For pedagogical reasons, we will start by developing models of purely poloidal magnetic fields, and since our intended application is to galactic halos, we will restrict our attention to poloidal fields with an overall X shape (Sect. 2). We will then extend our poloidal field models to three dimensions, by including an azimuthal field component that is directly linked to the poloidal component, as expected from dynamo theory (Sect. 3). Taking advantage of the analytical expressions obtained for magnetic fields in galactic halos, we will, with a little extra work, derive three-dimensional models of magnetic fields in galactic disks; these disk field models can be utilized either independently or in combination with our halo field models (Sect. 4). As a necessary check of the relevance of our halo field models, we will use them to simulate synchrotron polarization maps of a hypothetical external galaxy seen edge-on and make sure that these maps display the expected X patterns (Sect. 5). Finally, we will conclude our study with a short summary (Sect. 6).

2. Analytical models of poloidal, X-shape magnetic fields

2.1. Euler potentials

To model magnetic fields in galactic halos (in particular, in the halo of our own Galaxy), we will consider various magnetic configurations characterized by field lines that form a general X pattern. For each considered configuration, we will adopt a simple analytical function to describe the shape of field lines, and we will derive the analytical expression of the corresponding magnetic field vector, B, as a function of galactocentric cylindrical coordinates, (r,ϕ,z).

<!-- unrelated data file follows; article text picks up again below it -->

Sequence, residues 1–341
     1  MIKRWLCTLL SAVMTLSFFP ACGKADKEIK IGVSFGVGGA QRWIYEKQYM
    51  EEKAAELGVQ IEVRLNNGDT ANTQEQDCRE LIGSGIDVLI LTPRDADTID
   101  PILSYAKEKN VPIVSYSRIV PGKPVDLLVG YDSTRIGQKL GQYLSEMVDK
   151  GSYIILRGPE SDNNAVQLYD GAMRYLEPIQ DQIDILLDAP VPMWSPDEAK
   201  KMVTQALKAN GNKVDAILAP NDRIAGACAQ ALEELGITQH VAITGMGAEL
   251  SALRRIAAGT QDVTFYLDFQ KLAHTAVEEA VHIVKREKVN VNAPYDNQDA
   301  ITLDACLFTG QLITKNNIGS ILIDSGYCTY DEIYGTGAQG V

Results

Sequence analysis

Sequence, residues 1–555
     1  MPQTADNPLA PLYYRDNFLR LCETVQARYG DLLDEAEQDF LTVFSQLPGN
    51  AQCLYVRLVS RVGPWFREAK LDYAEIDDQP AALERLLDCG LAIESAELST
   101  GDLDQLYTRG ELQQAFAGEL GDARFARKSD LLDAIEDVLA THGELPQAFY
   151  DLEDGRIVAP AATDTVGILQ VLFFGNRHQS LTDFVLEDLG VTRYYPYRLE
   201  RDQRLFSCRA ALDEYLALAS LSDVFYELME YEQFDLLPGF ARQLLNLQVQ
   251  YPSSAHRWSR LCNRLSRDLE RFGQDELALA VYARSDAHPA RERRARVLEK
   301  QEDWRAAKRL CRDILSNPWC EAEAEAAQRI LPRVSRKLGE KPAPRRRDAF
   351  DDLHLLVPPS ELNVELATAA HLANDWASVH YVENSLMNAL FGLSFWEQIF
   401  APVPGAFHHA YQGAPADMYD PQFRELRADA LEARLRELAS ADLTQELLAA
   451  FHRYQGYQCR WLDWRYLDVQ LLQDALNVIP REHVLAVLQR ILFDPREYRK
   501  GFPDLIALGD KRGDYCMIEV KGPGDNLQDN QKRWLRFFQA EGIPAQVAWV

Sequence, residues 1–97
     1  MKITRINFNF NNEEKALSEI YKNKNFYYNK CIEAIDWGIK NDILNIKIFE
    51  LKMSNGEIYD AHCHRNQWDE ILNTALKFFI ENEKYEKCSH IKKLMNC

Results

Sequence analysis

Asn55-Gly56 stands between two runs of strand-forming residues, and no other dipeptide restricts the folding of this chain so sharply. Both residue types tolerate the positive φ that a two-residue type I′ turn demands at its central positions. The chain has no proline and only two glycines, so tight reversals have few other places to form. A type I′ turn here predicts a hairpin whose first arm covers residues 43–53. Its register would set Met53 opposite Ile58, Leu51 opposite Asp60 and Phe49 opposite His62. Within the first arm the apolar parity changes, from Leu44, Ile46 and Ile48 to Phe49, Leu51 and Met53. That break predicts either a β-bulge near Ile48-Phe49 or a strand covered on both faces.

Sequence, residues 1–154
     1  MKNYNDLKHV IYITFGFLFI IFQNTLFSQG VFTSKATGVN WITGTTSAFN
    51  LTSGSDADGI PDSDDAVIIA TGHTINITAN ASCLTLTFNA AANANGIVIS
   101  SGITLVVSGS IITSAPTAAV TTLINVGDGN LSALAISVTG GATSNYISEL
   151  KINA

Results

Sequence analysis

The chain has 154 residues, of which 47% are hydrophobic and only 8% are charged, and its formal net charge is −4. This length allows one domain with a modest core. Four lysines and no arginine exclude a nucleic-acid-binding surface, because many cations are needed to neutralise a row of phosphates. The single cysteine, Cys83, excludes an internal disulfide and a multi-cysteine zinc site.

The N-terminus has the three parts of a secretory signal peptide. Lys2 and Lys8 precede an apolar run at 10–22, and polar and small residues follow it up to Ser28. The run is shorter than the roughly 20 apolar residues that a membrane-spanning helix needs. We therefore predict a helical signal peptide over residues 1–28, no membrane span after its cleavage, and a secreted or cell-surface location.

thumbnail Fig. 1

Small set of field lines for each of our four models of poloidal, X-shape magnetic fields in galactic halos, in a vertical plane through the galactic center: a) model A (described by Eq. (12)) with r1 = 3 kpc and a = 1/(10  kpc)2; b) model B (Eq. (17)) with r1 = 3 kpc and n = 2; c) model C (Eq. (26)) with a = 1/(10  kpc)2 (and, as always, z1 = 0); and d) model D (Eq. (31)) with | z1 |  = 1.5 kpc and n = 2. Field lines are separated by a fixed magnetic flux per unit azimuthal angle; thus, in models A and B, their vertical spacing at r1 is determined by Eq. (16) or (21) with H = 1.5 kpc, while in models C and D, their radial spacing at z1 is determined by Eq. (30) or (35) with L = 10 kpc. Each panel is 30  kpc × 30  kpc in size and is centered on the galactic center. The trace of the galactic plane is indicated by the horizontal, solid red line, and the z-axis by the vertical, dot-dashed black line.

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A convenient way to proceed is to use the Euler potentials, α and β, defined (Northrop 1963; Stern 1966) such that (1)A first great advantage of the Euler representation is that the magnetic field is automatically divergence-free. Another important advantage, particularly relevant in the present context, is that field lines can be directly visualized. Indeed, according to Eq. (1), any given field line is the line of intersection between a surface of constant α and a surface of constant β. As an immediate consequence, each field line can be defined by, or labeled with, a given pair (α,β).